Plot: Lara Croft, the fiercely independent daughter of a missing adventurer, must push herself beyond her limits when she finds herself on the island where her father disappeared.
I’m trying to start this review with some really sharp comment, something more verbose than “This is a poor, poor film”. As I can’t come up with something quite yet, you can take that as a start to this review and take it to heart. The remake crazy continues because apparently originality has been slaughtered. What sacred franchise hasn’t been touched? So unnecessary, yet movie houses are desperate to cash in on that nostalgic feeling, yet somehow still too lazy to develop proper scripts.
Tomb Raider is no different. Geneva Robertson-Dworet, Alastair Siddons and Evan Daugherty thinks their movie watchers are remarkably stupid (judging by my fellow audience members, they weren’t all that wrong). Visual and verbal clues are everywhere. Lara is forced to verbalize all her thoughts, because the audience couldn’t pick it up for themselves apparently. Clues are left everywhere – such as “Watch me” on the obviously placed video camera her dad left in his den. I also happen to think Lara isn’t nearly as bright as we must believe. She refuses to access her father’s fortune before she sets off to the island she is supposed to stay away from, yet sells her most valued possession to access to embark upon her mission. She travels with a drunken Chinese sailor (Daniel Wu) in a broken down boat because logic. They are both immediately captured when they wash out on the coast by madman fanatic Matthias Vogel (Walton Goggins). He at least provides a legitimate face to the devious company setting out to disrupt the world. Things naturally escalate and with many improbable events that would certainly have caused death to any normal person, there is a final explosion and escalation and a setup for an additional film.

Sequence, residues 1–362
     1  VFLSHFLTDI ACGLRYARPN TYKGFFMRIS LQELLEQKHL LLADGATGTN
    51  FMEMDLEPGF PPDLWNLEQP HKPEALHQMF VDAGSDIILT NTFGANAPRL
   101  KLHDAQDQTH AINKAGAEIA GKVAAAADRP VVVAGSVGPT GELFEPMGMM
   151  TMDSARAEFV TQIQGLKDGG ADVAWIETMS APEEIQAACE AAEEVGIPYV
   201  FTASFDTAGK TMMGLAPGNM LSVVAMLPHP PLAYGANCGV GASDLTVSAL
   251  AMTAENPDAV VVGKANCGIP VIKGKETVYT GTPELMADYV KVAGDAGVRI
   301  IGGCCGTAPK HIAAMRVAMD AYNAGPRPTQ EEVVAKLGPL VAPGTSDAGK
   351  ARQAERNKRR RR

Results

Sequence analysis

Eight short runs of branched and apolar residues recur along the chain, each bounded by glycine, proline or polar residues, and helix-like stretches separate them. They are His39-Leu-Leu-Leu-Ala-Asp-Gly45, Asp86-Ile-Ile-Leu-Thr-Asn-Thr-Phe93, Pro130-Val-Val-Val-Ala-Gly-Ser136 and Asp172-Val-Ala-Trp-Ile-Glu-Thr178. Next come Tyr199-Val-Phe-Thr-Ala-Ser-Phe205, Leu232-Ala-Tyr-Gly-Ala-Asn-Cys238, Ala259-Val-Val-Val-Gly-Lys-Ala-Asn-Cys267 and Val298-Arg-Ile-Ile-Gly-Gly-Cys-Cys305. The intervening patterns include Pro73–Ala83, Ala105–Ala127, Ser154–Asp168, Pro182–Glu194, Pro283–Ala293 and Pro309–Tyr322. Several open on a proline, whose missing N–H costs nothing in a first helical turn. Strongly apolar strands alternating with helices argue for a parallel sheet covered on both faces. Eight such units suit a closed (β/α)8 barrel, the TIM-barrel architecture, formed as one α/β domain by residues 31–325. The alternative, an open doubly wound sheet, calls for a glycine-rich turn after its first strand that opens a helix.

I, quite obviously, didn’t like it. It was agony and I was itching to just walk out of cinema. It even seemed like that new Pacific Rim film, which looks like a Michael Bay extravaganza (though not directed by him at all), would have been a better choice. I do admire Alicia Vikander – she’s ripped for this role and performs admirably in the various obstacles set out for her, but she’s actually just way too talented to have to suffer through such substandard writing.
Although the film had some merits, I will most certainly not think back fondly or attempt to watch a second installment, which is bound to happen as the film is doing surprisingly okay in the markets.